Travel: A Sweet Escape
The first thing my eyes set upon when I enter the suite at the Hotel Hershey is the bed
It is king-sized and magnificent, draped in rich materials, a sensuous, decadent bed meant for sensuous, decadent people. I look to catch my wife’s eye — I am preparing to do the adorable leering thing I sometimes do, complete with French-accented huh-huh-huh — but she is busy
The first thing my eyes set upon when I enter the suite at the Hotel Hershey is the bed: It is king-sized and magnificent, draped in rich materials, a sensuous, decadent bed meant for sensuous, decadent people. I look to catch my wife’s eye — I am preparing to do the adorable leering thing I sometimes do, complete with French-accented huh-huh-huh — but she is busy refereeing a rugby scrum between our two daughters, or perhaps she is reading Better Homes & Gardens, I do not now recall which. No matter. Our time will come.
There is a difference between a weekend getaway with children and a weekend getaway without children, and if you are a parent you know exactly what I’m talking about, and if you are not a parent I will simply say this: The difference is not just in whether the chef at the hotel restaurant will stoop to preparing chicken nuggets for your offspring. No, the difference is about privacy, it is about whether you and your sweetheart will have a chance to get down to business, if you know what I’m saying, it is about … wait, why do I bother? This is not an issue on this trip. We have a three-room suite! With a glorious bed! A bed that is, by my estimation, 50 feet and two thick doors from where our children will be sleeping! Decadence! Sensuality! Ours! Soon!
But first we must eat chocolate. “Dad,” my daughter Hannah had asked before we left for Hershey, “do you think we’ll have chocolate for dinner?” Though she is just a child and has but a small brain, this is not a ridiculous question. Because one of the things the visitor to Hershey comes to understand is that it is a town — no, an entire corporate empire — built upon indulgence, upon satisfying our relentless urge for sweet, sweet things. Most Pennsylvanians know the rough outlines of the Hershey legend already: Lancaster County boy Milt Hershey makes a nice bit of change selling caramel, then sets his sights on something bigger: chocolate. He builds a factory near the dairy farms of his home county — there must be milk before there can be milk chocolate, you understand — and before long an entire nation is devouring Hershey bars and Hershey kisses and Hershey syrup. What’s fascinating, though, is that Hershey didn’t just create a fantastic product; he created a fantasyland to go with it, a town with an amusement park and streets like Chocolate Avenue and giant Hershey kisses atop the lampposts.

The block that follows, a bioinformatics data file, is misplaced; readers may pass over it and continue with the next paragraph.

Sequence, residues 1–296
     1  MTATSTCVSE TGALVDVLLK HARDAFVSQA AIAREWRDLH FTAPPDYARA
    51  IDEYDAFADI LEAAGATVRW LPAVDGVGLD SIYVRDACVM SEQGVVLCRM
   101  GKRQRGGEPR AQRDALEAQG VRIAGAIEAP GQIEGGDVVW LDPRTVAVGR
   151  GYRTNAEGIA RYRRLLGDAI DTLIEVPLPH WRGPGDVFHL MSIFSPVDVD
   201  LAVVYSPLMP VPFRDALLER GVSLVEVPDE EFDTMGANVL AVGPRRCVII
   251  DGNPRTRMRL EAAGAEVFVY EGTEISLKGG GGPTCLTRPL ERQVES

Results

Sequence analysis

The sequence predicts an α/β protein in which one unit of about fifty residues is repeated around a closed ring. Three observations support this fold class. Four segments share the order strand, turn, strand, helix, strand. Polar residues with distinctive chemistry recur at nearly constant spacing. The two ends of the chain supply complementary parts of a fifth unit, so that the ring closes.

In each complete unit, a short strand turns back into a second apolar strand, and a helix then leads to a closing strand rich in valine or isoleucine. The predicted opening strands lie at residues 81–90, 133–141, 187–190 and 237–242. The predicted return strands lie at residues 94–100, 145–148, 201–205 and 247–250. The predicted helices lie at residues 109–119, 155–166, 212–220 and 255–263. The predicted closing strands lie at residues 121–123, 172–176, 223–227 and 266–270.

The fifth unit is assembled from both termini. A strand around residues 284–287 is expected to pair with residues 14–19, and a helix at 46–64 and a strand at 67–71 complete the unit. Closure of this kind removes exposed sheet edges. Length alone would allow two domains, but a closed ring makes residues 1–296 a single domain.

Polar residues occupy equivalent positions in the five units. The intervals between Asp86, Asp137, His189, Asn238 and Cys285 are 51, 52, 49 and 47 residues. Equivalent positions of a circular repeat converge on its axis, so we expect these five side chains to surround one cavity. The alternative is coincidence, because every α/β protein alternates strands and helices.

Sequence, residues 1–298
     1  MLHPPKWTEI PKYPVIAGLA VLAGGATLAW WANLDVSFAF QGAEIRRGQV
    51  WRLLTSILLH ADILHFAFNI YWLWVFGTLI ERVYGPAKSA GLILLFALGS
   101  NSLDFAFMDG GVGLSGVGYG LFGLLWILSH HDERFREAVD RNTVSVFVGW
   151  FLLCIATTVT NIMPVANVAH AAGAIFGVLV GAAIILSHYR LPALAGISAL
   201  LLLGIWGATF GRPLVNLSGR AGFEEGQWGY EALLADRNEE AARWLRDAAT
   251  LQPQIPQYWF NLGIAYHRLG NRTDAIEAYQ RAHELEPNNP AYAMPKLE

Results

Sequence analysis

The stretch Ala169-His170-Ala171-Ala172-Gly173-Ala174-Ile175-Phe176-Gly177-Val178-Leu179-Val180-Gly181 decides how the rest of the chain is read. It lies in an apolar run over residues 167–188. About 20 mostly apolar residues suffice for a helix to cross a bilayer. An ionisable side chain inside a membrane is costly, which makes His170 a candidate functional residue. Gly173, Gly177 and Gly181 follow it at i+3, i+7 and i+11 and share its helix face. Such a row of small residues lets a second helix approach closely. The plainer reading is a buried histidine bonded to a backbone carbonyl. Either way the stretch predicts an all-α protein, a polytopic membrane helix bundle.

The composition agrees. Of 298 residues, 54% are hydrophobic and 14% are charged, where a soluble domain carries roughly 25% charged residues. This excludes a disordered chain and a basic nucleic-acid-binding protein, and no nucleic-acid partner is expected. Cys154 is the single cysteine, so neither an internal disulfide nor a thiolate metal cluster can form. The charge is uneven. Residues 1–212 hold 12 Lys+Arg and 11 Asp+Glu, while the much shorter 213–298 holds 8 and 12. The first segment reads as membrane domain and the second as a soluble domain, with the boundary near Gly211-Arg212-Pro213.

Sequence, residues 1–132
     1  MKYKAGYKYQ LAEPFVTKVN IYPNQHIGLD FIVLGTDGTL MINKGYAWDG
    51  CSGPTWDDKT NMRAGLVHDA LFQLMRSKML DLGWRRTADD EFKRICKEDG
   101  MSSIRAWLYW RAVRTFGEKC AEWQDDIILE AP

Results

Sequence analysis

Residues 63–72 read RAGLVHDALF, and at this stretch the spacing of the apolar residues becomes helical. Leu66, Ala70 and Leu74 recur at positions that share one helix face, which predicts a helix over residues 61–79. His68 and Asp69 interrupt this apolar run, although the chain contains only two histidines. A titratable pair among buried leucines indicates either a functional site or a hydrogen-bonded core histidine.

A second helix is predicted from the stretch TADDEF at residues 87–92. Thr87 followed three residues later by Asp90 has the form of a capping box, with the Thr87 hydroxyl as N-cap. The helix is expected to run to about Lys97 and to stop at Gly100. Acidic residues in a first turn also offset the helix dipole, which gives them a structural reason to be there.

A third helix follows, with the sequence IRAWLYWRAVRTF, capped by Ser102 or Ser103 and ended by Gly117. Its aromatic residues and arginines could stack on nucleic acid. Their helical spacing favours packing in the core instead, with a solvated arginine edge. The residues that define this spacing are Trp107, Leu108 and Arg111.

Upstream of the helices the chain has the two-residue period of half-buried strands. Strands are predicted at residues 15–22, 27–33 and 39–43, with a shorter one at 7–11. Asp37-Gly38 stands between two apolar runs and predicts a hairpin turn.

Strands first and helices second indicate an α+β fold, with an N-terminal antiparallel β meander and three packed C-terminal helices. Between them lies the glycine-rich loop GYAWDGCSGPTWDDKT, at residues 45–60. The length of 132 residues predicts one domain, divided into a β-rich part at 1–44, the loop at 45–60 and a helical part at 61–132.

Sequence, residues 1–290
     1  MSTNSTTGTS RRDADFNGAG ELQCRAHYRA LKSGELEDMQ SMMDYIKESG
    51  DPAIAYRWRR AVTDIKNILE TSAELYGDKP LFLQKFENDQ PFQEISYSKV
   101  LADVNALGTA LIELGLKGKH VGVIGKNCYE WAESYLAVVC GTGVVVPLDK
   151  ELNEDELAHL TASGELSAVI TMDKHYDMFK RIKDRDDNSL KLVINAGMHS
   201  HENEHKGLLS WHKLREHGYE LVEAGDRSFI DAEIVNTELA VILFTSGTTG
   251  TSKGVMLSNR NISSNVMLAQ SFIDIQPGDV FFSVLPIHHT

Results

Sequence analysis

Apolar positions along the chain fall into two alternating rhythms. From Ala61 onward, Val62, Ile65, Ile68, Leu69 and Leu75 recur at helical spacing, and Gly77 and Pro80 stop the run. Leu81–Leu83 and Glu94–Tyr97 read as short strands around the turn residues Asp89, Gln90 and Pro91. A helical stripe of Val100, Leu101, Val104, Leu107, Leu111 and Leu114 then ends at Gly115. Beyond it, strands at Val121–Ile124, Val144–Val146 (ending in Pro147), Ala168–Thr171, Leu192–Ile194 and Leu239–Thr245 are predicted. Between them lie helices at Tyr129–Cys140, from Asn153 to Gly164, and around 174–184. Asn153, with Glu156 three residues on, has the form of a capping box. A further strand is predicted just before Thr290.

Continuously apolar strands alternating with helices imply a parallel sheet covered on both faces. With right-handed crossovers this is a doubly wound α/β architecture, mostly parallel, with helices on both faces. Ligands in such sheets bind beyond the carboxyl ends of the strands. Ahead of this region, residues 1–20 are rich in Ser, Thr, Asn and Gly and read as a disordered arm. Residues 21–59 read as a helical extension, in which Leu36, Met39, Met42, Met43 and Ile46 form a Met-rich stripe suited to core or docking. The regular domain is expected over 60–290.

We indulge ourselves first at Chocolate World. Once, you could tour the actual Hershey factory, but this is no longer the case. Still, is it sacrilege to say that its replacement — this Disney-esque place with faux factory tour — totally kicks the authentic tour’s ass? I admit my memory of the original factory tour is fuzzy — the last time I went, I was just a child and had but a small brain — but I’m fairly certain it did not include a way-cool interactive 3-D sensaround movie about the history of Hershey’s.
Back to the hotel now. The Hotel Hershey is a grand, magnificent structure — a resort resort — built in the 1930s, added onto in the 1970s, and most recently updated with a $7 million spa. While my wife goes off for a wrap and massage, my daughters and I head for the indoor pool. Hannah slips and falls into the hot tub, briefly startling me, her, and the woman who had been otherwise lounging quietly in the tub. But it ends without incident.
Afterward, it is off to dinner. There are two restaurants inside the Hotel Hershey: the opulent Circular Dining Room, where tomorrow morning we’ll have a buffet breakfast before our trip to Hershey’s quaint zoo; and a smaller bistro called the Fountain Cafe. Alas, there is no chocolate on its dinner menu, but the swordfish, pasta, and mac-’n’-cheese suffice.
Finally, we are back in our suite. But it is too early to put the girls to sleep. Which is when I think of … the bed! Perfect! There is a gigantic TV facing it, and it is large enough for the four of us, and so I quickly punch up A Shark’s Tale on pay-per-view and we all hop on top of the covers. I have planned it as a ruse, of course: The girls will soon drift off to sleep, and then I will carry them to their room, and then it will just be my wife and me and the getting down to business.
But slowly, as we lie there, four happy Twizzlers in a cozy little package, something happens. And when I turn to look over at my wife, our two daughters squeezed in between us, what I’m feeling is not decadent or sensual. What I’m feeling instead is love. And like Hershey itself, it is a sweet, sweet thing.